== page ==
Dec 03, 2020

AI-powered wearable sleep test launches

sleep disorder
sleep apnoea
AI
Leila Hawkins
2 min
AI-powered wearable sleep test launches
Sunrise sits on the wearer's chin and captures movement...

A test that sits on the wearer's chin and uses sensors and AI to detect sleep disorders launches today in the UK. 

Called Sunrise, its creators say it is the world’s first home-based sleep test to provide results equivalent to the polysomnography used in sleep laboratories.  

To use it the wearer places the sensor on the chin before going to sleep. Powered by AI, this records data by measuring the person's chin movements while they're sleeping, based on the premise that jaw movements can indicate sleep apnoea and other disorders. 

The user is then offered the choice to connect with a sleep physician and receive treatment when needed.

The test is the result of a collaboration between the UK's National Heart and Lung Institute and Imperial College London, but is the brainchild of sleep specialist Dr. Jean-Benoit Martinot and over a decade's worth of research. 

A clinical study published in the Journal of the American Medical Association found that Sunrise could be a convenient home-based alternative for sleep studies, to avoid the need to sleep in a hospital bed and be connected to multiple wires.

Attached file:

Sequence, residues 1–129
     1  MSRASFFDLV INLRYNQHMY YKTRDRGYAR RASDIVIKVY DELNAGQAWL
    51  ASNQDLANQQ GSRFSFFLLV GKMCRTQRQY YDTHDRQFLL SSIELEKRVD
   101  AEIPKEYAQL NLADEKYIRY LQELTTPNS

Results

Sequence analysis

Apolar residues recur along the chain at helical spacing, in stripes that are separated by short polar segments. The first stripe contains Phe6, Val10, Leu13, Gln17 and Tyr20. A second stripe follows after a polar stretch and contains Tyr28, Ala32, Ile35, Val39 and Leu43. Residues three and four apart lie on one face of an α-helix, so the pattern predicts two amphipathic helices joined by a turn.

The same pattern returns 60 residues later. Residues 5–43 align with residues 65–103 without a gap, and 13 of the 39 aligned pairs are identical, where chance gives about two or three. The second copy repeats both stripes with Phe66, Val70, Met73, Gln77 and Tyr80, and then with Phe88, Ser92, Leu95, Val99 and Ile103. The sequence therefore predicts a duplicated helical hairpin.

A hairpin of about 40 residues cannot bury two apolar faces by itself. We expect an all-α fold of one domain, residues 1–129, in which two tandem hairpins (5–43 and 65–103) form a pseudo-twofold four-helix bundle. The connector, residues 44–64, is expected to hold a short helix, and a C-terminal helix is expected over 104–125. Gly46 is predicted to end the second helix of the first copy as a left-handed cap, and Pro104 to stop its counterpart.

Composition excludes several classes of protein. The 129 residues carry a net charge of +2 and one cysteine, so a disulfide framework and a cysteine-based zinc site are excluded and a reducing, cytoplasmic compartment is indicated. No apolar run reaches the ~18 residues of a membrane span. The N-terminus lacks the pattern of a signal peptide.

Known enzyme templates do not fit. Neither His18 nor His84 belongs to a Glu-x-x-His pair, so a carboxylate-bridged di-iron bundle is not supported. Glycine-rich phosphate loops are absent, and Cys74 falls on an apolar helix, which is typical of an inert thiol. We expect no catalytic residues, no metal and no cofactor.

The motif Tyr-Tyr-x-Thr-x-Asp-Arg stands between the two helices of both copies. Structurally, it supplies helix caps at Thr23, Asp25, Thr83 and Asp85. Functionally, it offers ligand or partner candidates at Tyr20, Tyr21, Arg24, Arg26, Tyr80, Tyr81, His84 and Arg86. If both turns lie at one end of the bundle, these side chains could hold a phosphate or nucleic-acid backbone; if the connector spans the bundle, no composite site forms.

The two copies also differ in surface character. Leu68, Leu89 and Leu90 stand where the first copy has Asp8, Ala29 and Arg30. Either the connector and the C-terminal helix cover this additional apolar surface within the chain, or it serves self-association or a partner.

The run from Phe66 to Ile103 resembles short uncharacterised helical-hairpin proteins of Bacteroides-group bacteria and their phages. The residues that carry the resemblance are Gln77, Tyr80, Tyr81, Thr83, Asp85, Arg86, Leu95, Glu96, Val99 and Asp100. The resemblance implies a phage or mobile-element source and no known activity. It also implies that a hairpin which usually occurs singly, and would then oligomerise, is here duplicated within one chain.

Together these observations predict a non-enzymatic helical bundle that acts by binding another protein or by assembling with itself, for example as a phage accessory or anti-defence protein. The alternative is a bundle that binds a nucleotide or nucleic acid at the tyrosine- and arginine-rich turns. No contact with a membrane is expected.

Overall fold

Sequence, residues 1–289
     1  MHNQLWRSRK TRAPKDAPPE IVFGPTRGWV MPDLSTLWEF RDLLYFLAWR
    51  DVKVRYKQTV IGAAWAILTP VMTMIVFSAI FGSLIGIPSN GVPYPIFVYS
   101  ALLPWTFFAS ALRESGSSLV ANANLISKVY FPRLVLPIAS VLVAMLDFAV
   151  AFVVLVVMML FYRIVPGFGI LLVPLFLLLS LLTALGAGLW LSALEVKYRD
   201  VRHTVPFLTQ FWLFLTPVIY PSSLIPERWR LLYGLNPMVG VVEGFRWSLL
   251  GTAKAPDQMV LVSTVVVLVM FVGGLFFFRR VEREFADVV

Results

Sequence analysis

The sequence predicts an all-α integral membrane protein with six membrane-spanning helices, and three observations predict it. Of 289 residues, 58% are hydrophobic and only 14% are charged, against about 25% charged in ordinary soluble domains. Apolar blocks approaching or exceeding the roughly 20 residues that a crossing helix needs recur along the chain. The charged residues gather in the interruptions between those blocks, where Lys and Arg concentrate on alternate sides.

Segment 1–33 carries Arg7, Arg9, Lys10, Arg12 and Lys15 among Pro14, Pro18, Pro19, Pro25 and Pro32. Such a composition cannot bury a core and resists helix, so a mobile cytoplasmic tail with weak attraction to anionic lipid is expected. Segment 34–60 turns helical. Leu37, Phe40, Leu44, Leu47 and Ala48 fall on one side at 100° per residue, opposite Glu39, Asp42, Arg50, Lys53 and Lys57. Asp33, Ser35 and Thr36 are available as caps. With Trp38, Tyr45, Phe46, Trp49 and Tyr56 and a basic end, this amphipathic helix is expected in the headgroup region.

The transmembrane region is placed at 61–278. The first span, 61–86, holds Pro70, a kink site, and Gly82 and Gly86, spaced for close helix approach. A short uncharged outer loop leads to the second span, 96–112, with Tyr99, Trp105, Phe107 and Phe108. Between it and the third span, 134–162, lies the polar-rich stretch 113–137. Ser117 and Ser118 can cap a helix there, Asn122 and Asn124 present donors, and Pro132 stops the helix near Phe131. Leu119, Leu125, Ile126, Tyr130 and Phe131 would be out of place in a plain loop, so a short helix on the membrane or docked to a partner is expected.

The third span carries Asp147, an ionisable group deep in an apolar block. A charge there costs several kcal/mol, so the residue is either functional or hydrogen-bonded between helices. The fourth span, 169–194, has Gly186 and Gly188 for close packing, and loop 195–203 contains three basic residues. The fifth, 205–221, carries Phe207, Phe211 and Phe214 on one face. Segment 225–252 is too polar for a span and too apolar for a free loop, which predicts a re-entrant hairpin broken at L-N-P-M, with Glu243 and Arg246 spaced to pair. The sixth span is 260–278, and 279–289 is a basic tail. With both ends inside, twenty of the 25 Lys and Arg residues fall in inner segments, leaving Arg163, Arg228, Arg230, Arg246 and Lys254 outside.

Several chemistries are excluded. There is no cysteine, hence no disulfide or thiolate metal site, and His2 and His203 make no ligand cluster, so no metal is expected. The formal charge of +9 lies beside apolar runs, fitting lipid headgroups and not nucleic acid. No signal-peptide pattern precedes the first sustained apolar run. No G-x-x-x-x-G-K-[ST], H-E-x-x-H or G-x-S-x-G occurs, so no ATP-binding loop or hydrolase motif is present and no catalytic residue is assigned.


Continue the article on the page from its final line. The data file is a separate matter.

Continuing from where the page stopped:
The test previously launched in France and Belgium, and is now available to buy in the UK where sleep apnoea is estimated to affect 1.5 million adults, although 85 per cent are undiagnosed and therefore untreated.

Martinot, CEO and Co-founder of Sunrise, said: “We are excited to launch into the UK, which is known for its early adoption of innovative and industry leading medtech solutions. Sleep apnoea is a major health issue today with studies having concluded sleep disordered breathing concerns affect 49 per cent of men and 23 per cent of women aged 40 and above². 

"The problem is that the condition remains 80 per cent undiagnosed, and untreated sleep apnoea is linked with serious health problems such as hypertension, heart failure, stroke or diabetes" he added. 

"Additionally, patients suffering from sleep apnoea also appear to be more at risk if they contract COVID-19. As a result of the pandemic, many sleep labs have largely slowed down and we are working with sleep physicians in order to make the steps to getting treatment quick, easy and affordable without compromising the quality of the results.

“Our overarching mission is to help everyone understand that breathing is at the heart of good night’s sleep. We believe sleep should not be a source of anxiety and getting a simple test can bring about more understanding of the quality of sleep.”

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